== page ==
UK Government publishes safety rules and guidelines for school resumption in September

UK Government publishes safety rules and guidelines for school resumption in September

The UK Government has published the safety rules and guidelines for school resumption in September.The guidance sets out how schools will operate with all pupils back full time. This will be with an expansion of the "protective bubble" system already used in schools and minimal contact between groups. It will based on separating groups and minimising contacts, rather than social distancing, with the Education Secretary Gavin Williamson saying earlier this week: "It's not about one metre, it's not about two metres."

The UK Government has published the safety rules and guidelines for school resumption in September.The guidance sets out how schools will operate with all pupils back full time. This will be with an expansion of the "protective bubble" system already used in schools and minimal contact between groups. It will based on separating groups and minimising contacts, rather than social distancing, with the Education Secretary Gavin Williamson saying earlier this week: "It's not about one metre, it's not about two metres."

Schools will have testing kits to give to parents if children show symptoms. Mobile testing units will be sent to schools which have an outbreak. The safety plans issued by the Department for Education say that "given the improved position, the balance of risk is now overwhelmingly in favour of children returning to school".
The new rules for autumn will mean:

  • grouping children together in groups or "bubbles"
  • in primary this will be a class, in secondary a year group
  • avoiding contact between these groups during the school day
  • separate starting, finishing, lunch and break times
  • attendance compulsory with the threat of penalty fines
  • regular cleaning of hands
  • those with symptoms told to stay out of school
  • no big group events like school assemblies
  • arranging classrooms with forward facing desks
  • separate groups on school buses
  • discouraging the use of public transport
  • masks not expected for pupils or staff.

All schools will have to draw up plans for the possibility of local lockdowns. If there are two confirmed coronavirus cases in 14 days, all the pupils in that group, or even the whole school, may have to be sent home.

And parents in England who do not send their children back to school in September will face fines "unless there's a good reason for absence".
"Everybody wants children to be safe and thankfully as we have learned more about Covid-19, the evidence has shown that the risk of severe disease in children is low," said Deputy Chief Medical Officer, Jenny Harries.
But Labour's Shadow Education Secretary Kate Green said the government had been "asleep at the wheel" on the return to school and called for a "cross-party taskforce" to take over.
  • What Happens If There Is An Infection Or Pupils With Symptoms?

If a child in school has Covid symptoms they will have to be taken home straight away, and staff waiting with them will have to wear protective equipment.
All schools are being promised testing kits to give to parents - and if there are two confirmed cases within 14 days, or a rise in absences because of Covid-like symptoms, this could be counted as an outbreak.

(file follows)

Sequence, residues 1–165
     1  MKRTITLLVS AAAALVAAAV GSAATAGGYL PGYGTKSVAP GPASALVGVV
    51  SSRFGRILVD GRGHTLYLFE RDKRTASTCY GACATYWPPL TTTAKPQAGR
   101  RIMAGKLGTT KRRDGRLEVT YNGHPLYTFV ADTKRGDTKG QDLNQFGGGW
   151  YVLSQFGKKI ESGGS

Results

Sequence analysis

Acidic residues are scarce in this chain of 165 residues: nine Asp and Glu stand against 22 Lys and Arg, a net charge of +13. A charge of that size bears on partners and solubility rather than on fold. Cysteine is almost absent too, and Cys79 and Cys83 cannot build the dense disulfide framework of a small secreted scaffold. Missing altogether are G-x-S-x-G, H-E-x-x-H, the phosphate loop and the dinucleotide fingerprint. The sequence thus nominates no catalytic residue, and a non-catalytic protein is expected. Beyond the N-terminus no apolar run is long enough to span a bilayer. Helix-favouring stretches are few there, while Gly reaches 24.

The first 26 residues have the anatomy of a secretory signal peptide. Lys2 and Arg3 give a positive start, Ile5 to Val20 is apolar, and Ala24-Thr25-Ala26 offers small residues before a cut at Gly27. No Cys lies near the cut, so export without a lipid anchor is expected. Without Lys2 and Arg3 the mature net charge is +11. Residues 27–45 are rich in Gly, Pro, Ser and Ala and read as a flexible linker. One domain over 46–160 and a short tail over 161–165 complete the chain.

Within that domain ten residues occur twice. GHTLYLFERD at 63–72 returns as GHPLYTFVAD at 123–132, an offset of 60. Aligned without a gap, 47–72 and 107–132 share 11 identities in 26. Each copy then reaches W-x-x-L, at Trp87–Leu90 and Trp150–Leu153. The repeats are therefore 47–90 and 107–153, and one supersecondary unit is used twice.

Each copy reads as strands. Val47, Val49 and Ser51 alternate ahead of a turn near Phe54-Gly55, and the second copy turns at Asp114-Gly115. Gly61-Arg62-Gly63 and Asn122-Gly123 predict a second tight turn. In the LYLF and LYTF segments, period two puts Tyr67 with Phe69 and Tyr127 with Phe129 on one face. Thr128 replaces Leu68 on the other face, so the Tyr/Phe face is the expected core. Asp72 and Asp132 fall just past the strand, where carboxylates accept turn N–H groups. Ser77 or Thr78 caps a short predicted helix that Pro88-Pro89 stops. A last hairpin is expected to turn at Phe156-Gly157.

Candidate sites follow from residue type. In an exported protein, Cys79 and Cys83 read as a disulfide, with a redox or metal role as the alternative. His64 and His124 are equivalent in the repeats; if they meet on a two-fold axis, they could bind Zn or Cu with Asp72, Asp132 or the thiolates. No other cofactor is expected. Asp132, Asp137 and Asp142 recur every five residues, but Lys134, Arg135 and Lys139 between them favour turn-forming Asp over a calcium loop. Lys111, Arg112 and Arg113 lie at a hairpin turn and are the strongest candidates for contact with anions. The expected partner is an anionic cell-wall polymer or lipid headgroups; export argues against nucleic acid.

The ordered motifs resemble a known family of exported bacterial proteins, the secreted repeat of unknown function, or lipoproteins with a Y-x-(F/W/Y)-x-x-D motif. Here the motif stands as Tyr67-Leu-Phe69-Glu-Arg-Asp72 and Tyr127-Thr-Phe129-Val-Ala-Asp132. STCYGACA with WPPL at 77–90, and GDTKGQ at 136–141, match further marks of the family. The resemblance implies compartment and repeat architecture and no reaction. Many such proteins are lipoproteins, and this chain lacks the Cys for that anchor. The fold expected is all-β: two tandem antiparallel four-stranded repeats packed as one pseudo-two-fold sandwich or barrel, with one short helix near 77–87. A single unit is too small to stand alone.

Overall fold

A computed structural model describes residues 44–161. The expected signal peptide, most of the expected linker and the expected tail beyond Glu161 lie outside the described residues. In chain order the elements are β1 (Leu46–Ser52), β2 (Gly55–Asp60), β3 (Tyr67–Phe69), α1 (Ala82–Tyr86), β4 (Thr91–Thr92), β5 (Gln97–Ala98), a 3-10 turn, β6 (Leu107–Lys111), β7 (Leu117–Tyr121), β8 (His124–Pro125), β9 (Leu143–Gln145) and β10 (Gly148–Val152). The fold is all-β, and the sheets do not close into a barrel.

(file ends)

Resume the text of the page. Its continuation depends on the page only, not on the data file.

This could mean other pupils in the class or the year group being sent home. It could escalate to the whole school site being shut down - but the guidance says such whole-school closures "will not generally be necessary".
A mobile testing unit could be sent to a school with an outbreak, which could carry out tests to see whether an infection had spread, which could check a class, a year group or the whole school.
In the event of a local outbreak, health protection teams or local authorities may advise schools to close.
  • What Are Schools Saying About The Plans?
"The logistics of keeping apart many different "bubbles" of children in a full school is mind-boggling," said Geoff Barton, leader of the ASCL head teachers' union.
"There just needs to be a sense of reality about what is possible," he said - and called on the government to have a "Plan B" if the return proved unworkable.
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  • Head teachers have also voiced concerns about penalty fines being issued to parents if they do not send their children back to school.
Michael Ferry from St Wilfrid's Secondary School in Crawley, West Sussex, called the threat of fines "ludicrous" and said that he will not issue them "in any shape or form".
He also warned that the school "cannot be full" on any given day, if pupils and teachers face any level of social distancing.
However, Ashley Harrold, head of secondary school Blatchington Mill School in Brighton, said schools could "overcome" challenges around capacity - although there were still "legitimate questions around safety".

His school had drafted four plans designed to bring all pupils back without shrinking the curriculum.
  • How Have Parents Reacted?
"I am a parent, and will not be sending my child back to school, if it is not safe to do so," Anthony told the BBC, when draft plans were revealed this week. But Kirsty said: "Everything has got to start to go back to some sort of normal sooner or later. It's worrying but I think children need the stability of school and the social aspect of seeing their friends."